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Major cities see protests as election remains undecided

Protests calling for every vote to be counted have been growing several major cities such as Minneapolis, Washington, D.C., and New York City as election results are still being counted in several key states (https://www.npr.org/2020/11/05/931688625/-count-every-vote-large-post-election-protests-seen-in-many-cities). As of the publishing of this post a winner has still not been determined.


While most news sites show former Vice President Biden with the lead, projecting him to win outright, Republicans are holding out hope. Even if results are finalized soon the Trump campaign has already filed lawsuits in Michigan, Pennsylvania, Nevada, and Georgia, citing potential fraud and lack of transparency. These lawsuits could extend the election timetable long into the month of November, if not into December. This is not without precedent either, as the 2000 election wasn't decided until December 12.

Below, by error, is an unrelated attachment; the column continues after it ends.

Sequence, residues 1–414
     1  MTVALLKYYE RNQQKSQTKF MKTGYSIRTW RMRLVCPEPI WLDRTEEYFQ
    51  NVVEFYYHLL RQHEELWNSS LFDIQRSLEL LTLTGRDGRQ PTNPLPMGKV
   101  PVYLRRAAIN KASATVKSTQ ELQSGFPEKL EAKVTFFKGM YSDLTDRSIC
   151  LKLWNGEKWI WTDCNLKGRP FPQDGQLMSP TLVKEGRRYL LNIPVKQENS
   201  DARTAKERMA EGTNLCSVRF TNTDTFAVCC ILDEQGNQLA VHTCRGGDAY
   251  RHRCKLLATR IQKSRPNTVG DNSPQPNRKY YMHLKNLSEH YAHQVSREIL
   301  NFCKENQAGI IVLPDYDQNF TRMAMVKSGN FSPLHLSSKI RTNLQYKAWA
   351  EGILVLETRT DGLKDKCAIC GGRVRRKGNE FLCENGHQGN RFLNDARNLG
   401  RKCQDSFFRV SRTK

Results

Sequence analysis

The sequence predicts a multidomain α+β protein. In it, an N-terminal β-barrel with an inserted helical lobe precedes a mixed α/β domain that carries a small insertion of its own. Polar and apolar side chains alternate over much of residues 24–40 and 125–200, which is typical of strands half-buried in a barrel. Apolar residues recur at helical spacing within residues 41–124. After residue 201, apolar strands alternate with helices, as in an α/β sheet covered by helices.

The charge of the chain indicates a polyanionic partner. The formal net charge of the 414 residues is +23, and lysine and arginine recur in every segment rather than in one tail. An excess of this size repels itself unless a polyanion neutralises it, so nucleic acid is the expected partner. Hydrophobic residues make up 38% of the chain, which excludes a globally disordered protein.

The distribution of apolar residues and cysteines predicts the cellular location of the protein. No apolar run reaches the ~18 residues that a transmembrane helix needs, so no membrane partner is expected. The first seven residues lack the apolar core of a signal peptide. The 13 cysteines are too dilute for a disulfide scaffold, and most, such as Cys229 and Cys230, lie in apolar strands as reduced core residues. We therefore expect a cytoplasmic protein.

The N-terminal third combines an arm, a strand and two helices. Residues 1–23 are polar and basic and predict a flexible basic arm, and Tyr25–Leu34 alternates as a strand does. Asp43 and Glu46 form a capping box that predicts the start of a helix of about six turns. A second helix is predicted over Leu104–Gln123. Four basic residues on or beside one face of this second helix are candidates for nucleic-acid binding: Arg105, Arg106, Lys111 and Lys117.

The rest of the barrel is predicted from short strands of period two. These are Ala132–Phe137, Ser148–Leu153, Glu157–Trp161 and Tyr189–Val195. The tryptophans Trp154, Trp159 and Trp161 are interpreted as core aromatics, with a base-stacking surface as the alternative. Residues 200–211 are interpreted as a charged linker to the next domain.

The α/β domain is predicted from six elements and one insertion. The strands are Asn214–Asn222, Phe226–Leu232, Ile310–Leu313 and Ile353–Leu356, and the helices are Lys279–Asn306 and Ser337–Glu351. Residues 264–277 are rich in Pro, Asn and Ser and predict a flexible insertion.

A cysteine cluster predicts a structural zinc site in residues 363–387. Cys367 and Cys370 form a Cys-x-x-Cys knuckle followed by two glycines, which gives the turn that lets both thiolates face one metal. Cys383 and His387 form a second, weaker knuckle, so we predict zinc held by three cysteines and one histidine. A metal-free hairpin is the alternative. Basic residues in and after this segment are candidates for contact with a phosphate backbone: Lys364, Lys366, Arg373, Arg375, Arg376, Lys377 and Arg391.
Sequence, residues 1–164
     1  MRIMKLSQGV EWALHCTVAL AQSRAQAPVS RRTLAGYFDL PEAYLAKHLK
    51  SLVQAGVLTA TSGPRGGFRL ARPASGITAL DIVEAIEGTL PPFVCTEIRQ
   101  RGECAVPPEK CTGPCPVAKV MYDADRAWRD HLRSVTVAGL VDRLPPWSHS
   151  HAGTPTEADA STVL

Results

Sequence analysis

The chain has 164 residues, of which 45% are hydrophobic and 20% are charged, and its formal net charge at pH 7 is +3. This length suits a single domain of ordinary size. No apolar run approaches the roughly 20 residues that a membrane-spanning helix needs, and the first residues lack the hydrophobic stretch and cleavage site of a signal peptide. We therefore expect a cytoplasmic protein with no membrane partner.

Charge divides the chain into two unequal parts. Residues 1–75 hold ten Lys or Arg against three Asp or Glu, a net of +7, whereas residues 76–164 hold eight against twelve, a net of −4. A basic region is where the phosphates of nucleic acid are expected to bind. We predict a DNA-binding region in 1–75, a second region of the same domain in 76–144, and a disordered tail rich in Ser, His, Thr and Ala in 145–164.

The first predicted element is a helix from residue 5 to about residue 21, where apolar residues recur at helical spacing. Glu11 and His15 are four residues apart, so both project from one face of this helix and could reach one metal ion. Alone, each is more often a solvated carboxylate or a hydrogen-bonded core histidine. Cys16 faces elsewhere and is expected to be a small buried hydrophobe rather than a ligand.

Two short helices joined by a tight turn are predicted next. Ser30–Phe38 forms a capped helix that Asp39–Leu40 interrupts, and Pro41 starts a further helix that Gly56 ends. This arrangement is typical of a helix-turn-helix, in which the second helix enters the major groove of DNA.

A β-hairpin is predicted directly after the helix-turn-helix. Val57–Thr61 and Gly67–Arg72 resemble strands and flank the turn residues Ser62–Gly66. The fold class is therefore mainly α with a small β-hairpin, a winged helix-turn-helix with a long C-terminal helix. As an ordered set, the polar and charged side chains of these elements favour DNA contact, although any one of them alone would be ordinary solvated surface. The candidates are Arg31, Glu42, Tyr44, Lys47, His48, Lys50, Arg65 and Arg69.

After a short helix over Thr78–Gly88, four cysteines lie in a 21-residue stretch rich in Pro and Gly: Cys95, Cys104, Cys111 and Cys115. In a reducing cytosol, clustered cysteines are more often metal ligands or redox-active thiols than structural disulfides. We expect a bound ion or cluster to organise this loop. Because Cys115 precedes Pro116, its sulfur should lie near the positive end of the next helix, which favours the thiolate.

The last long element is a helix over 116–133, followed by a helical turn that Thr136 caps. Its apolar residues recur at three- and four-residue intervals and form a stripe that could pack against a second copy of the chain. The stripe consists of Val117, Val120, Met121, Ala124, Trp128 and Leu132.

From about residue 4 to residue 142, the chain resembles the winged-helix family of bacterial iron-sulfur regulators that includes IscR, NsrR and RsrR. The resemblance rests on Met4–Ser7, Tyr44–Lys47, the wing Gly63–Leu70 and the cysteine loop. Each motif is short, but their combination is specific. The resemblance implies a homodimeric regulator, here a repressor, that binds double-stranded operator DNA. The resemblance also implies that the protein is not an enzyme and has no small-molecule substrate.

Trump has also called for an end to vote counting as several states continue to count absentee and mail-in ballots, with some states still accepting ballots into next week. Protestors have responded in droves, marching to the slogan, "Count Every Vote!". One protest organizer said, "We're here because the simple fact is we want to make sure that Donald Trump and his cronies don't steal this election." Other protesting groups have joined in on the marches including BLM activists and anti-police protestors.


Many of the protests have remained peaceful, but hundreds of citations have been issued, and in New York City 25 people were arrested. Police were also able to confiscate a few weapons including knives and M-80's. Businesses in major cities had already boarded up their storefronts in preparation for the election. Depending on the ultimate outcome these cities could see increased protests, and a greater increase in violence.

Image Credit: David Dee Delgado/Getty Images

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